Description: From the publishers:
Being American in Europe, 1750–1860 tracks the adventures of American travelers while exploring large questions about how these experiences affected national identity. Daniel Kilbride searched the diaries, letters, published accounts, and guidebooks written between the late colonial period and the Civil War. His sources are written by people who, while prominent in their own time, are largely obscure today.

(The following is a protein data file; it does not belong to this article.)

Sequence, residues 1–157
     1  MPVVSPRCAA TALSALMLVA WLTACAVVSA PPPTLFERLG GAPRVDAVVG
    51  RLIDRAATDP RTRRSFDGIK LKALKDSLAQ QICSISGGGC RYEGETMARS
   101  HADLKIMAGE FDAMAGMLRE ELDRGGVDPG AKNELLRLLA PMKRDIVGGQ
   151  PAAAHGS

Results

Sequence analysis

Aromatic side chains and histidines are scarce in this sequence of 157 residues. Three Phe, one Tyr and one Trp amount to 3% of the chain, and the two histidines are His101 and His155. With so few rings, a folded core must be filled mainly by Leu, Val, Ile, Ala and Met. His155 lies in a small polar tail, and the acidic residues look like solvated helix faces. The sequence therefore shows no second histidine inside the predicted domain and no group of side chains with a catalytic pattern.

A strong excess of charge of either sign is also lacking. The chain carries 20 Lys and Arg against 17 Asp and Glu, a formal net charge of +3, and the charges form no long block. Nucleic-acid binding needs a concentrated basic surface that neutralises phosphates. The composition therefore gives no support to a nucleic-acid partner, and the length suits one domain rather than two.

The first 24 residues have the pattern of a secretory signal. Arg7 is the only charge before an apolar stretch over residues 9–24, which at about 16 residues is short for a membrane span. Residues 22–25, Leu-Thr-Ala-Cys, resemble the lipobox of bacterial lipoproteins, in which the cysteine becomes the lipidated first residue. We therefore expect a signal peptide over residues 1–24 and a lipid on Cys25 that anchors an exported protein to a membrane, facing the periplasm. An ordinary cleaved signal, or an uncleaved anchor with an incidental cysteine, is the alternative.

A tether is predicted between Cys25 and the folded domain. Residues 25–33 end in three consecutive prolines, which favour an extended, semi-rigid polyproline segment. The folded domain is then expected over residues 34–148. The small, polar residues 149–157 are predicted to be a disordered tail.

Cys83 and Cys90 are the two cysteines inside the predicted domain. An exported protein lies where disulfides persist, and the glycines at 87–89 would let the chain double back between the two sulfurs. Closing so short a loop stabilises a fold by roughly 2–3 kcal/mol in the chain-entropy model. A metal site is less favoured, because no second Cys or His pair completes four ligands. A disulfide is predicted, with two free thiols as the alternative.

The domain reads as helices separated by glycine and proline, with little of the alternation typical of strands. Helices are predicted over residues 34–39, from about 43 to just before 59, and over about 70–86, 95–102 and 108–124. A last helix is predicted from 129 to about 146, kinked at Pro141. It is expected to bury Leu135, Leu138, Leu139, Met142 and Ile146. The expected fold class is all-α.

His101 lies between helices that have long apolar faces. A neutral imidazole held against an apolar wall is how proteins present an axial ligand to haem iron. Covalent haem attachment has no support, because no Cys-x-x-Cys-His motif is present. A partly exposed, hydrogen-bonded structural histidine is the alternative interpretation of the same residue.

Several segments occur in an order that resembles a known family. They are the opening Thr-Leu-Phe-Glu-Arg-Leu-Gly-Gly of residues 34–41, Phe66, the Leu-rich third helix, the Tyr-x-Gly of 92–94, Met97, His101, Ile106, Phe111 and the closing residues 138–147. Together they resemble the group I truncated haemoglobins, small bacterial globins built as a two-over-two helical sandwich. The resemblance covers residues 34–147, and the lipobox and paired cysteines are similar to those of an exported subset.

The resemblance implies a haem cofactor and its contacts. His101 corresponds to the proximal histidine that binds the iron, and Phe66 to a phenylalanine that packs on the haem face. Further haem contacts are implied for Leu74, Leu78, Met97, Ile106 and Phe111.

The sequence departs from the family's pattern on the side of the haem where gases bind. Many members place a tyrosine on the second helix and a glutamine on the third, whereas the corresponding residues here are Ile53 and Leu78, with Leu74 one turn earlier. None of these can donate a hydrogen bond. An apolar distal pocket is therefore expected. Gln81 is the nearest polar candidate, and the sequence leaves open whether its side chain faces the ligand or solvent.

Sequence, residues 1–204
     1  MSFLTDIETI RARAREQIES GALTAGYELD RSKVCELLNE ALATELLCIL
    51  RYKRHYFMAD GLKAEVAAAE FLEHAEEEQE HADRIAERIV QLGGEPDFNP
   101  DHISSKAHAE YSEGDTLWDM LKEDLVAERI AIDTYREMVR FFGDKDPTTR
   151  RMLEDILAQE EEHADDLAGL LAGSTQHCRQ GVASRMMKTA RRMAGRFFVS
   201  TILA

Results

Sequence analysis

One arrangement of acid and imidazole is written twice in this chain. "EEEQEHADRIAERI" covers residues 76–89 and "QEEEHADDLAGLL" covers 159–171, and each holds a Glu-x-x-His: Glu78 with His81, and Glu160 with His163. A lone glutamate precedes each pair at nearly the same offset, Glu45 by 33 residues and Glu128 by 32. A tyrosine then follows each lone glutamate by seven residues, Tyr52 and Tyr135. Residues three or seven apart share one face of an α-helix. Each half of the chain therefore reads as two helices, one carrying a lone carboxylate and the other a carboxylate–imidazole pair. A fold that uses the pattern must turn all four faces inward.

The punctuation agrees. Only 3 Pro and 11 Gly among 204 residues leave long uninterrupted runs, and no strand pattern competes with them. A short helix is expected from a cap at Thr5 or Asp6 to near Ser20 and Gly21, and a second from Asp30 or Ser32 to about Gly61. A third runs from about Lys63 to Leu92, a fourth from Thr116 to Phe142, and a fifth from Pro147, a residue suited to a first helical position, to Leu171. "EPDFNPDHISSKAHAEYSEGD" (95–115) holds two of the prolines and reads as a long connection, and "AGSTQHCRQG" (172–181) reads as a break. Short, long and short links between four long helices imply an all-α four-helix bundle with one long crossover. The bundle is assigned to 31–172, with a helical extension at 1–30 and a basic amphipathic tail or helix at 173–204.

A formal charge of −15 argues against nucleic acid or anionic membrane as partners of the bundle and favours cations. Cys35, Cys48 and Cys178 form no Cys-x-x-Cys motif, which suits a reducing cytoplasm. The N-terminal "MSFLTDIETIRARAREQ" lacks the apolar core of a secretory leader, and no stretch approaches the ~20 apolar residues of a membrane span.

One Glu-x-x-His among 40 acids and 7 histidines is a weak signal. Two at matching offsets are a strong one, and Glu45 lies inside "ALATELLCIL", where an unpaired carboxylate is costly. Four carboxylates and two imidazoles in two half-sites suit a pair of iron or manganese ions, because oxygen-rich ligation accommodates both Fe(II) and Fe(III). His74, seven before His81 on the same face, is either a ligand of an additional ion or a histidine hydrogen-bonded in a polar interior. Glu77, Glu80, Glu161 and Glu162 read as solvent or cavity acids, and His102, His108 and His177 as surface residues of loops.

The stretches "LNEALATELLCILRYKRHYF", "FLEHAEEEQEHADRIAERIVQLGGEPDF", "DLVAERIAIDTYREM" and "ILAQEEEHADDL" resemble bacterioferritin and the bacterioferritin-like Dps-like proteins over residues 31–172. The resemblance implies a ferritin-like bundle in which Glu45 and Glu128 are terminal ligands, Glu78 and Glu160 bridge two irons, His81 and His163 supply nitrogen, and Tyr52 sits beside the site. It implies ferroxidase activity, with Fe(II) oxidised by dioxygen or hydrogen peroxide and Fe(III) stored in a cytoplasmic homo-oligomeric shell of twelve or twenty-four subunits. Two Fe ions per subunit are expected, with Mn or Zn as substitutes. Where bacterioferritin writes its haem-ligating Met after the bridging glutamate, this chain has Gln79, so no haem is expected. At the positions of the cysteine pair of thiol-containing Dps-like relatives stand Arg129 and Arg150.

Exposure to the Old World generated varied and contradictory concepts of American nationality. Travelers often had diverse perspectives because of their region of origin, race, gender, and class. Americans in Europe struggled with the tension between defining the United States as a distinct civilization and situating it within a wider world. Kilbride describes how these travelers defined themselves while they observed the politics, economy, morals, manners, and customs of Europeans.
Place and publisher: John Hopkins University Press
Date of publication: 2013
Number of pages: 248